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From Greg Stein <gst...@lyra.org>
Subject Re: workaround for encoded slashes (%2f)
Date Mon, 13 Jan 2003 22:37:03 GMT
On Mon, Jan 13, 2003 at 06:46:19AM -0500, Rodent of Unusual Size wrote:
> okey, here's anpther take on the %2f thing.  as a reminder, we
> currently reject any reques that includes an encoded slash in the
> pat with a 404.  this breaks environments which need to use %2f in
> the path info.  the issue has to do, in part, with decoding the
> %2fs into slashes, and possibly having to re-encode them again.
> 
> i've been fighting with saving %2f state and restoring it for a long
> time, but to no definitely acceptable conclusion.  but last week a
> possible alternative came to mind:  if the AllowEncodedSlashes directive
> is set to 'on', unencode everything *except* %2f.  then let it go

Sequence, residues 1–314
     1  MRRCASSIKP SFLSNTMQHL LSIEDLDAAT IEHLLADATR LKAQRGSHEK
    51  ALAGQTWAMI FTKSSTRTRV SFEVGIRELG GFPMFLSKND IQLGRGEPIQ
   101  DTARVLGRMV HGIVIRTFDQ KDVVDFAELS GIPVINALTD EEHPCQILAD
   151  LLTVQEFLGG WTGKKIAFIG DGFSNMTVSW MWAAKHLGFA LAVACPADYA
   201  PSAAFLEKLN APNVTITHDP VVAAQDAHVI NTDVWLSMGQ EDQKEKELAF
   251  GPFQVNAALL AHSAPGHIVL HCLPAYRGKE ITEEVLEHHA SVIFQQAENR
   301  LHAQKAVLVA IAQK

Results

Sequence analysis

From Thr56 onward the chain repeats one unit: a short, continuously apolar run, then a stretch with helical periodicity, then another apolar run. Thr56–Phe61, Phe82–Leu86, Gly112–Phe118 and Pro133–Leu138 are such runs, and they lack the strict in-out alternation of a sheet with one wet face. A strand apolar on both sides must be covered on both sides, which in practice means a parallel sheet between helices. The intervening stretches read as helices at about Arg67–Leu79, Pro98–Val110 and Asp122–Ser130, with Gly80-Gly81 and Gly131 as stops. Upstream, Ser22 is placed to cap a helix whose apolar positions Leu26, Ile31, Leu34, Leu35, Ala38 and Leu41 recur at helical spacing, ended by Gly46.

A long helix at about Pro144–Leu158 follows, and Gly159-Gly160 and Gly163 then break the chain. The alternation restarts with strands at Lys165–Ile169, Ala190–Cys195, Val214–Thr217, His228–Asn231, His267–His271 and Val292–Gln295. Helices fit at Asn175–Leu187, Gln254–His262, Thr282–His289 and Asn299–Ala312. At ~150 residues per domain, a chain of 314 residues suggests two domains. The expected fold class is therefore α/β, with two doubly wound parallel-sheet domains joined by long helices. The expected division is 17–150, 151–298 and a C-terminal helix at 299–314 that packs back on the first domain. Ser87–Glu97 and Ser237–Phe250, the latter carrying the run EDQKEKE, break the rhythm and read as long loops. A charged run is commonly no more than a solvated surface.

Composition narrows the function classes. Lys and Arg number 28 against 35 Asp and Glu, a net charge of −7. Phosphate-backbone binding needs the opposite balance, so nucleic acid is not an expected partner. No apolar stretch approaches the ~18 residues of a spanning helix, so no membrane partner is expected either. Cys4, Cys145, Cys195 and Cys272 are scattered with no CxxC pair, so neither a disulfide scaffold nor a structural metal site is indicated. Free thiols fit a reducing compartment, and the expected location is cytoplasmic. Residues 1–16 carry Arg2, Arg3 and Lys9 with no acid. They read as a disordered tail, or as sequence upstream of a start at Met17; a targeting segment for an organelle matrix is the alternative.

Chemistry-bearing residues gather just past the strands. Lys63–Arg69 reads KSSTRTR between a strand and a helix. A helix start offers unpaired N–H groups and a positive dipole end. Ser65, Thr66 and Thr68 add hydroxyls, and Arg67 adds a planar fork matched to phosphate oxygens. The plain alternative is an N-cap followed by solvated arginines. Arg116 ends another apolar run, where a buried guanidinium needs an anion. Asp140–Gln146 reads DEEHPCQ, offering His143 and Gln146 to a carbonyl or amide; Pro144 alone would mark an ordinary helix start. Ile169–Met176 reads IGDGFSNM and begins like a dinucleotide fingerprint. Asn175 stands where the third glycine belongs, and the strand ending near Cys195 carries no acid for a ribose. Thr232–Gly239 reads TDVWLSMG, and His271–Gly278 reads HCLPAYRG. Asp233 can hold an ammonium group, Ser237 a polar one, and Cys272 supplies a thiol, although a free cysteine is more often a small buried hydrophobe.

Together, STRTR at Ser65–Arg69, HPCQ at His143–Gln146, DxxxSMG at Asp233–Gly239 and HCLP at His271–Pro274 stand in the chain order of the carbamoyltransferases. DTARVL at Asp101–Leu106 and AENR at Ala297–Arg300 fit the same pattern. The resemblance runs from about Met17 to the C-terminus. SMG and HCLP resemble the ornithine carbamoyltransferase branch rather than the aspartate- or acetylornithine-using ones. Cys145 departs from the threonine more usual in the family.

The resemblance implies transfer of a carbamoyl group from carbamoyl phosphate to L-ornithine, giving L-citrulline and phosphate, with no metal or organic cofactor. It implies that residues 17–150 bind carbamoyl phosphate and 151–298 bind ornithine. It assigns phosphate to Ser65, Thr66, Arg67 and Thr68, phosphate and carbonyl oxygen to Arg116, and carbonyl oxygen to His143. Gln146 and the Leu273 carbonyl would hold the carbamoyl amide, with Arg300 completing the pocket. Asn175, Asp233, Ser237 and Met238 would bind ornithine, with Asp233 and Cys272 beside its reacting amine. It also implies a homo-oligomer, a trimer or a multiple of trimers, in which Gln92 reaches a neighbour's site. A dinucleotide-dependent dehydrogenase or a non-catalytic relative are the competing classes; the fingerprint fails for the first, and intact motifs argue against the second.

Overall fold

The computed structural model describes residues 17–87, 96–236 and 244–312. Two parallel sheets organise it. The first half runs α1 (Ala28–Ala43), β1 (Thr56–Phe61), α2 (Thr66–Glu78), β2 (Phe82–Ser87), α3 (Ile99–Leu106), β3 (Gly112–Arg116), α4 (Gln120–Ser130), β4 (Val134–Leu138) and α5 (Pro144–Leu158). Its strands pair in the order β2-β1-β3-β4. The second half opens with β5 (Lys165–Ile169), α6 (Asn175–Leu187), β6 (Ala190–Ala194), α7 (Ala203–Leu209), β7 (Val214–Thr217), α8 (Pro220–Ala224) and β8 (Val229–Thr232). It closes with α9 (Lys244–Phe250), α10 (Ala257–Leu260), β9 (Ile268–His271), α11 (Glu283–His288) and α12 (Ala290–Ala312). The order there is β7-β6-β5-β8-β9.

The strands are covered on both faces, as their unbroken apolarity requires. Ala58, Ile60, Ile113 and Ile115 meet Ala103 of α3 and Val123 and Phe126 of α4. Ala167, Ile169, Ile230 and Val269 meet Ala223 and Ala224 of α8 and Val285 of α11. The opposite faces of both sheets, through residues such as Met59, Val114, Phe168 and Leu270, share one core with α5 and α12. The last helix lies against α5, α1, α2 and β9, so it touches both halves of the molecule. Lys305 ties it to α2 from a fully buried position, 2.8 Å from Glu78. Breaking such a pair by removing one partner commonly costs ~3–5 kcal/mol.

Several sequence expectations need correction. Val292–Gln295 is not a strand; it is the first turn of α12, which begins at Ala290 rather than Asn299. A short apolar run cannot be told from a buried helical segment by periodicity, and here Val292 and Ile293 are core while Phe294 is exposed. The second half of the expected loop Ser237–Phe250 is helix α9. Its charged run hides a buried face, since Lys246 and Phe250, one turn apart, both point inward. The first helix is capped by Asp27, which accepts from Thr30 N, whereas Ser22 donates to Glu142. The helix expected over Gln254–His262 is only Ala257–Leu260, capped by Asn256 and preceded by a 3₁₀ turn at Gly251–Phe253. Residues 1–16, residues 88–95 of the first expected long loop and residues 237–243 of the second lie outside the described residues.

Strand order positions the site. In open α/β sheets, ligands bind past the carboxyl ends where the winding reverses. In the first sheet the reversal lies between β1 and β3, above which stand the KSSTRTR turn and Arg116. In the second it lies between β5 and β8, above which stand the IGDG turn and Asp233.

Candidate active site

> through the normal processing.  if %2f is part of the path, the
> request will fail with a 404 anyway when the document isn't found;
> if the %2f is strictly in the path-info, it won't intefere with
> document location and will be available to the resource as expected.
> 
> i have a patch for this against 2.1 that i'd like to send, but i
> won't bother if people are going to veto all over it without even
> looking at it.

That sounds rather hacky. IMO, Apache should not do any URI decoding.
Instead, Apache should figure out who is going to handle the request (i.e.
map the identified resource to a handler), then let the handler do whatever
processing is appropriate on the URI.

Today, Apache unconditionally decodes the URI (see the problems that Mike
Pilato just posted about today), which really horks systems that need to
pass that URI further along (e.g. proxy-like code).

If Apache is going to decode the URI, then it should first split the URI
into path segments (an array) and then perform the decoding. Thus, you can
make http://host/path/foo%2fbar/baz into ["path", "foo/bar", "baz"]. You can
then encode each piece, and join them together with "/".

But again: URI munging should be left to handlers rather than the core.
(altho, of course, the core can provide utilities to those handlers)

Cheers,
-g

-- 
Greg Stein, http://www.lyra.org/

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